Description of BCEPHT projects and investigators (PDF) revised March 2006
We are multidisciplinary team of investigators with expertise in the fields of occupational and environmental medicine, toxicology, environmental epidemiology, exposure analysis, statistical and probabilistic modeling, risk assessment, environmental justice, and environmental policy. Our overall goal is to support increased capacity for environmental public health by developing methods and analyses that can contribute to better ability of both technical and non-technical audiences to understand relationships among environmental factors (hazards), exposures, and health outcomes and to act on this knowledge to protect health at the national, regional, and community levels.
Since the fall of 2002 we have worked closely with seven western states participating in the national initiative: California, Montana, New Mexico, Nevada, Oregon, Utah, and Washington. We have collaborative relationships with other states and organizations as well.
We are working to advance a nationwide Environmental Public Health Tracking (EPHT) network that provides and communicates information about relationships between environmental factors and health to all relevant audiences, including policy-makers and community stakeholders.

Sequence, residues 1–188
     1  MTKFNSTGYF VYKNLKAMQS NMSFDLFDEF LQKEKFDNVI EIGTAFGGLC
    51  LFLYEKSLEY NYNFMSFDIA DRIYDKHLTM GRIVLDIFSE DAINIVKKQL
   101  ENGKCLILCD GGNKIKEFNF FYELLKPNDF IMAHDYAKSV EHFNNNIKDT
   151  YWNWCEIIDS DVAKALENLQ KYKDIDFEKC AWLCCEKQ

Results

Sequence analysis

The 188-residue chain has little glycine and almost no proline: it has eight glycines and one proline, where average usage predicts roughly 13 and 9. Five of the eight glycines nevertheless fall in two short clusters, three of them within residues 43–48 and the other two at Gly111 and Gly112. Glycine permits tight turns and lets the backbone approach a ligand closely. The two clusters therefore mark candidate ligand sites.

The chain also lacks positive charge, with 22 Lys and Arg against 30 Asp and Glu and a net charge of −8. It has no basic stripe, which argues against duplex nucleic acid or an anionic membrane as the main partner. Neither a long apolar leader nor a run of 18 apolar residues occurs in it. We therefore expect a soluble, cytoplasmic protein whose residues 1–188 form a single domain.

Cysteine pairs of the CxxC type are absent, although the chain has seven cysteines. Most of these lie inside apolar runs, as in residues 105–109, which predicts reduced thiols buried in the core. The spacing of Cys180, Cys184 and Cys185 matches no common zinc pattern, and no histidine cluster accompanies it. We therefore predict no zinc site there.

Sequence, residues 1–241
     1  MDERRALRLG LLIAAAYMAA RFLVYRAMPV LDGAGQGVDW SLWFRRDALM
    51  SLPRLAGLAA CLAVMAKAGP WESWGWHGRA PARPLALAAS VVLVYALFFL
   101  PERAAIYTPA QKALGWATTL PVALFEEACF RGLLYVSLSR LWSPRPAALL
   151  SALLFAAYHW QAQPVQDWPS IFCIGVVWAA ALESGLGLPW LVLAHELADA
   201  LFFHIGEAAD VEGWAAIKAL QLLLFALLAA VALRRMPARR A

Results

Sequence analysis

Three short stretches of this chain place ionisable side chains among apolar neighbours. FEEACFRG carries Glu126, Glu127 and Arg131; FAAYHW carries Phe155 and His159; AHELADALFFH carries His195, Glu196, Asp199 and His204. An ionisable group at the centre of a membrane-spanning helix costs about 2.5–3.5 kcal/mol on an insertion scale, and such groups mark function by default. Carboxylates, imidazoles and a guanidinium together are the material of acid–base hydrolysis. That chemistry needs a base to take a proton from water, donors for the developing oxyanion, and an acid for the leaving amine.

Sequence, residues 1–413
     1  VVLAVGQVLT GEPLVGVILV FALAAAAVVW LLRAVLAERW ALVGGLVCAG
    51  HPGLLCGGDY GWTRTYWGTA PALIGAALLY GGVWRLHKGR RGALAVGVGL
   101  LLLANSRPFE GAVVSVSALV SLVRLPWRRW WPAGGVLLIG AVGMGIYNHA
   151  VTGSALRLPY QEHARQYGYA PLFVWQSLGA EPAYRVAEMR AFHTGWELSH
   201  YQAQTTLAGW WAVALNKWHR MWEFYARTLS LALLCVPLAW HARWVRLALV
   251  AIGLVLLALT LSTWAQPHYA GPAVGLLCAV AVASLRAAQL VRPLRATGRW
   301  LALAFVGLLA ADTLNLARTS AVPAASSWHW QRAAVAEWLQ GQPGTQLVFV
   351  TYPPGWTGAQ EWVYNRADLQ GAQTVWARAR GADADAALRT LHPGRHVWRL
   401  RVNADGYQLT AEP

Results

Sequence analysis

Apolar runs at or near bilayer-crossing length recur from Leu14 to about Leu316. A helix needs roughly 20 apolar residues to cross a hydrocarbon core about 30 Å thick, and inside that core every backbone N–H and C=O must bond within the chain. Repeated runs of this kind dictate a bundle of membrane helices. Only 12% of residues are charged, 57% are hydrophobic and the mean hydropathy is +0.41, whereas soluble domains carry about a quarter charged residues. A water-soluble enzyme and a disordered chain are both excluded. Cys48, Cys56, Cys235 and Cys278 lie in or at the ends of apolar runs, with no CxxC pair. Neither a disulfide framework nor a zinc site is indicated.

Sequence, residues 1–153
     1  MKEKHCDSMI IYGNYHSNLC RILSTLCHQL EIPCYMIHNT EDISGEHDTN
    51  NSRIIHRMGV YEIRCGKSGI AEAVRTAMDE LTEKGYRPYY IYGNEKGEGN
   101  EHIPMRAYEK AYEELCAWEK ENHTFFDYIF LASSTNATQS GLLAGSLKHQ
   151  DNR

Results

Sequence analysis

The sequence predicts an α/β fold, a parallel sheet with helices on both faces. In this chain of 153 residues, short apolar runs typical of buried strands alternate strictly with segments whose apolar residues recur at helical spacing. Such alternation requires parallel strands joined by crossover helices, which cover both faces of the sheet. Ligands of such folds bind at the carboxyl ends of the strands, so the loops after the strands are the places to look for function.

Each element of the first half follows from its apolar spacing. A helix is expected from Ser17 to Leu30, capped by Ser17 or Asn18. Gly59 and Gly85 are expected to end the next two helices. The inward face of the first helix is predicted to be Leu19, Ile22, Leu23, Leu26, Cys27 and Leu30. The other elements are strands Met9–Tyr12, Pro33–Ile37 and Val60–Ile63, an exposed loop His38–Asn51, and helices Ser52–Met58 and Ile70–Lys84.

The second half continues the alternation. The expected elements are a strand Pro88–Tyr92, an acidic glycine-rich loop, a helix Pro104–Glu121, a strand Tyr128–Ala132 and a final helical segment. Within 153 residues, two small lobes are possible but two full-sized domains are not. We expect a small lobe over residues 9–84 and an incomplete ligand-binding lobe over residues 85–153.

One focus of our academic center is to work toward drawing upon knowledge available from the research community in assessing options and making decisions Aboute of tracking resources. We see a need for a process for making such decisions that is transparent, recognizes other concerns that are also relevant, and includes information needed to address disparities in exposures and outcomes.
We support a sustainable network that has a governance structure that represents the necessary partnership among environmental and public health agencies at the federal, state, and local levels.
Since its inception, the Berkeley Center for Environmental Public Health Tracking (BCEPHT) has worked with the CDC and states to achieve the national goals: 1) build a sustainable national EPHT network; 2) enhance EPHT workforce and infrastructure; 3) disseminate information to guide policy, practice, and other actions to improve the nation's health; 4) advance environmental public health science and research; and 5) foster collaboration among health and environmental programs.
In our successful application for renewed funding, we proposed to continue our work to support increased capacity for EPHT by developing methods and analyses that can contribute to better ability of both technical and non-technical audiences to understand relationships among environmental factors (hazards), exposures, and health outcomes and to act on this knowledge to protect health at the national, regional, and community levels.